Oh my gosh that is scary!! I hope that wasn’t at Walden Pond, lol. You aren’t a goober for swimming with your eyes closed… I used to do it too. Hope to see you at Walden sometime!

  • Reply Megan @ Meg Go Run June 25, 2014 at 2:40 pm

    I am so scared of snakes and other creatures… I really don’t know if I would ever swim anywhere accept kick around in the waves at a crowded beach. As a kid I would go out to where I couldn’t touch but now that just freaks me out.

    • Reply Kristin June 26, 2014 at 7:40 pm

      Eeek snakes and eels totalllly creep me out! I try not to think about it. The ocean freaks me out because it’s SO massive, who knows what’s in there.. although I guess the same is true for big lakes:)

  • Reply Miranda @ Cupcake Triathlete June 25, 2014 at 3:25 pm

    Yes! You are way bigger and splashier than anything else in a pond. Also true of sharks… most are small and not going to bother you!

    • Reply Kristin June 26, 2014 at 7:45 pm

      Exactly, even sharks!

  • Reply Kecia June 25, 2014 at 3:42 pm

    Excellent post Kristin!! I would add one more thing that can help overcome swimming discomfort. We will get a group of us together and go to the pool…yes, the pool. Putting about 6-8 people in one lane reproduces what it will feel like to have others around you while you are swimming. We also throw a few big exercise balls into our lane that we have to maneuver around. The key is to make sure the lifeguards on duty know what you are doing before you start 😉

    • Reply Kristin June 26, 2014 at 7:41 pm

      Thanks Kecia! What a great idea for practicing open water swimming/contact… love it! You REALLY need to get used to having other people around you… and bumping into you, that’s the scariest part (I think).

      • Reply Kecia June 30, 2014 at 8:28 pm

        I completely agree Kristin!! Having lots of people around you when your face is in the water and you can’t see them definitely takes some getting use to 🙂

  • Reply Nicole June 26, 2014 at 4:01 am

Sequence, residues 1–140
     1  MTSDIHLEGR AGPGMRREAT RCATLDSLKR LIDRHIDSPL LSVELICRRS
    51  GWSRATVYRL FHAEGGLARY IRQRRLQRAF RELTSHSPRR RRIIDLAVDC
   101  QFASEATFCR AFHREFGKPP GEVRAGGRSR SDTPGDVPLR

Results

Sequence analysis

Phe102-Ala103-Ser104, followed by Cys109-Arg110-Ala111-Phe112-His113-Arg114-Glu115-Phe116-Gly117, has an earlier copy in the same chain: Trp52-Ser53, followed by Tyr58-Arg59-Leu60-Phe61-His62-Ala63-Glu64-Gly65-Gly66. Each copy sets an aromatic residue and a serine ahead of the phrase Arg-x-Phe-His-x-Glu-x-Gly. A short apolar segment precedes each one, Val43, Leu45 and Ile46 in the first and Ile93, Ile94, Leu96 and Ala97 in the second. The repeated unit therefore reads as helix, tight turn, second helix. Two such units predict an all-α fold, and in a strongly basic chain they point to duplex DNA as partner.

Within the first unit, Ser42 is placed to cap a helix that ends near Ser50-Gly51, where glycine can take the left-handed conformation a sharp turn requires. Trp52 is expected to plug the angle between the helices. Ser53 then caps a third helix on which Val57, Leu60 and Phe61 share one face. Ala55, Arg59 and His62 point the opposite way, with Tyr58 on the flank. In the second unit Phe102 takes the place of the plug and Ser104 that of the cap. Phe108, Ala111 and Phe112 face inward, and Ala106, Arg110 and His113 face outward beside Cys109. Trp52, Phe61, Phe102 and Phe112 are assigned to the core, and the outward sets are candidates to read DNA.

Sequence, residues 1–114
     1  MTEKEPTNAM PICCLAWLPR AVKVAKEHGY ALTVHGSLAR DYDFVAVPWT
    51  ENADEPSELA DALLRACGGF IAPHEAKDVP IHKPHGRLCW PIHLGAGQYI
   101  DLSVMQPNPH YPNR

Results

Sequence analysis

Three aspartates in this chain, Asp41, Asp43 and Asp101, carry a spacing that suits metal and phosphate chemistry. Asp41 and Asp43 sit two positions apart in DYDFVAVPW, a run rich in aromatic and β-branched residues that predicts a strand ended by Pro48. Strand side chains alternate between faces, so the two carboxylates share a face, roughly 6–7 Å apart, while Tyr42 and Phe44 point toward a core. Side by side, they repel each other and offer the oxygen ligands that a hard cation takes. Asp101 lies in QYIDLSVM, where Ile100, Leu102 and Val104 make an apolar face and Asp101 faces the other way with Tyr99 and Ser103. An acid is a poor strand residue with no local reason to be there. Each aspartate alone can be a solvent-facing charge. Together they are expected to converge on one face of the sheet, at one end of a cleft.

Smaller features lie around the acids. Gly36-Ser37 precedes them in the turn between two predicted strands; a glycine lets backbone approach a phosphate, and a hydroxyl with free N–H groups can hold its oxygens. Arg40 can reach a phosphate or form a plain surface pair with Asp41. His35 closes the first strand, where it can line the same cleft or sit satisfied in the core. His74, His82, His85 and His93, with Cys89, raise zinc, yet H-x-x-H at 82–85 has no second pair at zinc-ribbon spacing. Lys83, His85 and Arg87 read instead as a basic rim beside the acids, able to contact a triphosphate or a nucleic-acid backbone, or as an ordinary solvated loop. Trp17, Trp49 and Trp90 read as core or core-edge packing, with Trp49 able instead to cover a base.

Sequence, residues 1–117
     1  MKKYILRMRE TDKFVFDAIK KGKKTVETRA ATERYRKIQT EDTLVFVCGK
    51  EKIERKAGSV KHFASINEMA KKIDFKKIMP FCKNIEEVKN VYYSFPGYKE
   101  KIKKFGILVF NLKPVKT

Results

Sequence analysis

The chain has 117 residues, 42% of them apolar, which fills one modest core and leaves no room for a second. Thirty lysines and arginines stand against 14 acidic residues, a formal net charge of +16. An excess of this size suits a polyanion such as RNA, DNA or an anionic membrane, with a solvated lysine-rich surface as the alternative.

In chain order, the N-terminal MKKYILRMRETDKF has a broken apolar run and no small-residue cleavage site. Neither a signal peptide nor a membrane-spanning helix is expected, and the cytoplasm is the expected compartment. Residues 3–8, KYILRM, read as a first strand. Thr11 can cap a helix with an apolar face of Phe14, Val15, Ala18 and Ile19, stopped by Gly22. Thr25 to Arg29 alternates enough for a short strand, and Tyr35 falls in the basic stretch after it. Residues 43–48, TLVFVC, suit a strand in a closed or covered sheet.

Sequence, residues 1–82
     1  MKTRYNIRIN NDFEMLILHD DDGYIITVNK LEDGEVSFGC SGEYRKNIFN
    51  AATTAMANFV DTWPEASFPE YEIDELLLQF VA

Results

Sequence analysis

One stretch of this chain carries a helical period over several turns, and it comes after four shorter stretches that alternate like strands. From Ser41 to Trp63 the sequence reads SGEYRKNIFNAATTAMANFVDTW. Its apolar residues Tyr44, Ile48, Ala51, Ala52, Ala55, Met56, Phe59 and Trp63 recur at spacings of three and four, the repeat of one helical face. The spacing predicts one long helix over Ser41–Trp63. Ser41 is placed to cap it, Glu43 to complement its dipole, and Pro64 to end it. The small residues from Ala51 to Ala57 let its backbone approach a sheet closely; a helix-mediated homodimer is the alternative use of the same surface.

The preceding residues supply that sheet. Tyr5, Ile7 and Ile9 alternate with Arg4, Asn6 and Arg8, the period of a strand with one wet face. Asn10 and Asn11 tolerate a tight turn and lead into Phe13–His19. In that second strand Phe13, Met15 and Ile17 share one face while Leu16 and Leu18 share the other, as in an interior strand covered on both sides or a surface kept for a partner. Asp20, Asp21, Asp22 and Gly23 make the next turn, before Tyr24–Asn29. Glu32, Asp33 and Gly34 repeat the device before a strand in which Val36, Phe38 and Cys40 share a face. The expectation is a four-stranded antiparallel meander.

Very good tips – so many people tell me the reason they won’t ever do a triathlon is the swim and it’s a shame! You are living proof the fears can be conquered!

    • Reply Kristin June 26, 2014 at 7:42 pm

      Thank you! I have heard that so many times myself… they are really missing out!

  • Reply erin June 27, 2014 at 12:44 pm

    Great tips, Kristin! I used to be terrified of open water, too (and it still makes me a bit nervous, but nothing like it used to)… so much so that I sidestroked an entire sprint swim once! I found that having a mantra helps immensely (I repeated the world beluga during IM Canada last year… ha!); it keeps me present and my mind from wandering into crazy territory. An in-water warm-up, though, is probably the most calming thing for me! It was actually really cool to be in the water at the start of Canada, soaking up the beautiful lake and the excitement of the day. I would add, if you can swim the actual course (or part of it) before race day, do it! Happy swimming 🙂

  • Reply Leslie @ Triathlete Treats June 28, 2014 at 5:03 pm

    Awesome tips! I have always loved the water. Lakes, ocean, rivers. So I think when I started “swimming” in tris it was no big deal.
    I think practicing is the biggest thing you can do to get over it. People definitely over think it. Just get in and swim! That is why you practice!
    Another tip is really getting good at “sighting” that can help you be more comfortable in the water too!